(GIST OF YOJANA) Good Governance: Cornerstone to Development [MARCH-2019]


(GIST OF YOJANA) Good Governance: Cornerstone to Development

[MARCH-2019]


Good Governance: Cornerstone to Development

Introduction

  •  The definition of good governance continues to evolve, the Tenth Plan document had highlighted some manifestations of bad governance which include poor management of economy, denial of basic needs, threat to life and personal security, marginalization and exclusion, lack of sensitivity, transparency and accountability in state machinery, delayed justice and existence of voiceless poor with little opportunity for participating in governance and deterioration of physical environment.
  •  The United Nations has defined eight pillars of good governance as- consensus oriented, accountable, transparent, responsible, equitable and inclusive, effective and efficient, rule of law, and participatory.
  •  Under the Sustainable Development goals also, Goal 16 can be considered to be directly linked as it is dedicated towards improvement in governance, inclusion, participation, rights and security.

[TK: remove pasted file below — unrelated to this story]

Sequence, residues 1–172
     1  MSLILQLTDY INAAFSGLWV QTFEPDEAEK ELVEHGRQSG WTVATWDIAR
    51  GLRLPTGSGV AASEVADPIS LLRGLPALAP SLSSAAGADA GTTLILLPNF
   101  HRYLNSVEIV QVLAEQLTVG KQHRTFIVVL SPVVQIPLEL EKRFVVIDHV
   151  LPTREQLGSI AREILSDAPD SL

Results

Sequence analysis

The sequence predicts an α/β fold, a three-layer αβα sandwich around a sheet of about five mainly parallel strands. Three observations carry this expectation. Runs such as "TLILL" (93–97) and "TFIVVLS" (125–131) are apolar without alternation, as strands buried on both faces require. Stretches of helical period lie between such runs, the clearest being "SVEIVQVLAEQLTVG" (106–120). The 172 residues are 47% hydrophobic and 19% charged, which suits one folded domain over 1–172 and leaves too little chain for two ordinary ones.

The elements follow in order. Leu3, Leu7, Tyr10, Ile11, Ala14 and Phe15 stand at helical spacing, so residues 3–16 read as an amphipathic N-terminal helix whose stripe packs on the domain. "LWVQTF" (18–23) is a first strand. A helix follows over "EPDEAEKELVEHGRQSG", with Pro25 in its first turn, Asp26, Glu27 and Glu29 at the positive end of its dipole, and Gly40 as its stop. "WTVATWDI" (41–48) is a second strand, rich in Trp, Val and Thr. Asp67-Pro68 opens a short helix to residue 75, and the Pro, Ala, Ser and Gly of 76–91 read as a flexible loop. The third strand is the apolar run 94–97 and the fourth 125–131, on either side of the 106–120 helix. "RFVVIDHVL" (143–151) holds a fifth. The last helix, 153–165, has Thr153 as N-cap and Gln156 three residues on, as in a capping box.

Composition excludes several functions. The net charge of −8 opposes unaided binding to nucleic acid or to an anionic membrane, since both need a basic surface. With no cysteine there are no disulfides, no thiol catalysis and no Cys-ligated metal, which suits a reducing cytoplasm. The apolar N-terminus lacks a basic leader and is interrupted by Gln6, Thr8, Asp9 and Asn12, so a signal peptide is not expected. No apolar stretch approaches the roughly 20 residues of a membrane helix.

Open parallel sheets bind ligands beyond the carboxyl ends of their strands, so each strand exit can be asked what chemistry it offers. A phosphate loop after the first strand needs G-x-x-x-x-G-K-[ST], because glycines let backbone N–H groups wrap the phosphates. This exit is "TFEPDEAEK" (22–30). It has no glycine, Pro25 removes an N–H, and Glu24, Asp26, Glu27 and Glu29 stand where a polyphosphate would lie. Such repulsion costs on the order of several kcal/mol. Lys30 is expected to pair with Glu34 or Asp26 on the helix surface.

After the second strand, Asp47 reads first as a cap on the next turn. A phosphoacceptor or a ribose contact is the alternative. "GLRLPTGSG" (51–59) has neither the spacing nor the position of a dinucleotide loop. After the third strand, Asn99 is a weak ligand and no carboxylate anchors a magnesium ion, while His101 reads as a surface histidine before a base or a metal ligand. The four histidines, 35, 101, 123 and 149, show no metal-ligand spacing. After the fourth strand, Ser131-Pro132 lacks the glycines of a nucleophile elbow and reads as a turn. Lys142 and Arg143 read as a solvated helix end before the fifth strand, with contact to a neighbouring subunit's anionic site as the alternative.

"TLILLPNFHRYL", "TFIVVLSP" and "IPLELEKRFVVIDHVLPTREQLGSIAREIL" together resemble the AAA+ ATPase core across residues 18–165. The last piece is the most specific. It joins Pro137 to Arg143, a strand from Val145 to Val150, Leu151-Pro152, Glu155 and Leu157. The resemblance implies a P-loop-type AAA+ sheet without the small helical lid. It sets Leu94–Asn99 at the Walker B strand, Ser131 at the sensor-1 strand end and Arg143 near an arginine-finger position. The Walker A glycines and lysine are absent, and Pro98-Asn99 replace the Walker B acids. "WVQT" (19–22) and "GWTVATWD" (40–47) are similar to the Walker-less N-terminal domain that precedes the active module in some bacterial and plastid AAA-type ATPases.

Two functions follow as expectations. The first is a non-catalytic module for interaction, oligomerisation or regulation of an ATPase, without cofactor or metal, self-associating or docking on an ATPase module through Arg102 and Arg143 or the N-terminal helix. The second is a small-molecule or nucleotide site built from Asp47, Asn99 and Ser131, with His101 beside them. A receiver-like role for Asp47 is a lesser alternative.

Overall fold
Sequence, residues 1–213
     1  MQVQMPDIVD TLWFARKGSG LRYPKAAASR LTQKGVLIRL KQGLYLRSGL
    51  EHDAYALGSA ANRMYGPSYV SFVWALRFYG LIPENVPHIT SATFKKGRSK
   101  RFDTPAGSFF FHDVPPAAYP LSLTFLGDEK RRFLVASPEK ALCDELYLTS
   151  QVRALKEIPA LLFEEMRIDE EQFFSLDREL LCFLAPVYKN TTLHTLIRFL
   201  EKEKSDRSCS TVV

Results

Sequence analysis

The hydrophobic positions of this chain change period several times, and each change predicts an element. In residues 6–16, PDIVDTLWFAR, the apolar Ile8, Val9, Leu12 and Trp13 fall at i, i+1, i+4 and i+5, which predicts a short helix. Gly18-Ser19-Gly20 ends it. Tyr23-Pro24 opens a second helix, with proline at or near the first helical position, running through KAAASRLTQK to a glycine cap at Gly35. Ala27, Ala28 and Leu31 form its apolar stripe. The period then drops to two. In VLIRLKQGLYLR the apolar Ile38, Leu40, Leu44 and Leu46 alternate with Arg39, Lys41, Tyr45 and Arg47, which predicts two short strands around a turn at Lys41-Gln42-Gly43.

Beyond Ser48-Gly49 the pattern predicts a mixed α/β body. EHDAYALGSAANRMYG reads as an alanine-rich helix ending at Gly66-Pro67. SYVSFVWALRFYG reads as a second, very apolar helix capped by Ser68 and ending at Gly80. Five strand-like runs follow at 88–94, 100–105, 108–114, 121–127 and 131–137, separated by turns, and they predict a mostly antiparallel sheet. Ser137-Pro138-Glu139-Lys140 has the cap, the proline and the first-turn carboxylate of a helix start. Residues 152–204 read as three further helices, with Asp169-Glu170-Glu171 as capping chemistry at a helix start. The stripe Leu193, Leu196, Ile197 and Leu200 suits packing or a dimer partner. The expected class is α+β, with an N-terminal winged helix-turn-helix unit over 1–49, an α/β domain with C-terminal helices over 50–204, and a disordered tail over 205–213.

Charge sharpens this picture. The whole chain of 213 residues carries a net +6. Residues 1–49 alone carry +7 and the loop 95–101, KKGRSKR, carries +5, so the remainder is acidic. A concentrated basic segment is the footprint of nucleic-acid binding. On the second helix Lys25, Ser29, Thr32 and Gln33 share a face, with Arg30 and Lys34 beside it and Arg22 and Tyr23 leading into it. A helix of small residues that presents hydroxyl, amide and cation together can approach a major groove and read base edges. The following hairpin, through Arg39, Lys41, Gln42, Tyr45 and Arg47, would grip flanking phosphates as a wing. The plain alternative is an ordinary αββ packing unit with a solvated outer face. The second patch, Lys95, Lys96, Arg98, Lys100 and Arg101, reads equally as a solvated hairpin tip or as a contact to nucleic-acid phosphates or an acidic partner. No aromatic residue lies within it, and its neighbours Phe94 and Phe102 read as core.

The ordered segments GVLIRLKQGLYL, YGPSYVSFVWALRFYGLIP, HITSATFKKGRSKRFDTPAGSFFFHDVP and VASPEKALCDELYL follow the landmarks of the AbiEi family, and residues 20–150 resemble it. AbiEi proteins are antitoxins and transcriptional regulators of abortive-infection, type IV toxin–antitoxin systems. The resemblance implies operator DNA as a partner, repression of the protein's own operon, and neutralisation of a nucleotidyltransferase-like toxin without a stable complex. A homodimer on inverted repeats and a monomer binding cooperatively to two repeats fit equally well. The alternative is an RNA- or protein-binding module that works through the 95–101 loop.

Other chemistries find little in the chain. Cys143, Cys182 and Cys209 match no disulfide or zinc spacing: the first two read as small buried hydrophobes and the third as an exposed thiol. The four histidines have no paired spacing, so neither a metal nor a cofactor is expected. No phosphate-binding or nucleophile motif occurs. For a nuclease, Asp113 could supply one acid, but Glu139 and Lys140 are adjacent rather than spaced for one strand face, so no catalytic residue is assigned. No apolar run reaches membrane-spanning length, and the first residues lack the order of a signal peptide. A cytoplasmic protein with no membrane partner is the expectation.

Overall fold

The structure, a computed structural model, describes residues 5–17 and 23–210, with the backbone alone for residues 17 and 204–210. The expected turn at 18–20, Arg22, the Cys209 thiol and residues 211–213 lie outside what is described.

Development Agenda lndia(@ 75

  •  NITI Aayog has brought out a comprehensive document viz. "Strategy for New India @75 spelling out the broad roadmap for the 75th year of India's Independence. This comprehensive document, comprising 41 chapters covering almost all sectors, spells out current status, binding constraints and strategies to not only enable India to become a 4 trillion dollar economy by 2022 but also lay a solid foundation for clean, inclusive, sustained and sustainable growth for the next three decades. Of these, as many as 7 chapters focus on governance, covering subjects such as balanced regional development, legal, judicial and police reforms, transforming  aspirational districts, civil service reforms, city governance, optimizing use of land resources, and data led governance. In the bound manner. Anchored in NITI, the programme is aimed at transforming 115 most backward districts with focused remaining chapters also, especially those relating to social sectors, good governance remains the key for better service delivery and more effective outcomes
  • In the area of education one of the key  interventions in the field of health and nutrition, education, agriculture and water management, financial inclusion and skill development.
  • The ADP is a landmark initiative that aims reforms suggested is a revamped governance system to improve monitoring and accountability. Thus, Slates should develop and formulate robust mechanisms to enforce regulations on teacher qualifications, teacher absenteeism and learning outcomes. Further, learning outcomes should be regularly assessed by bodies independent of the line ministries.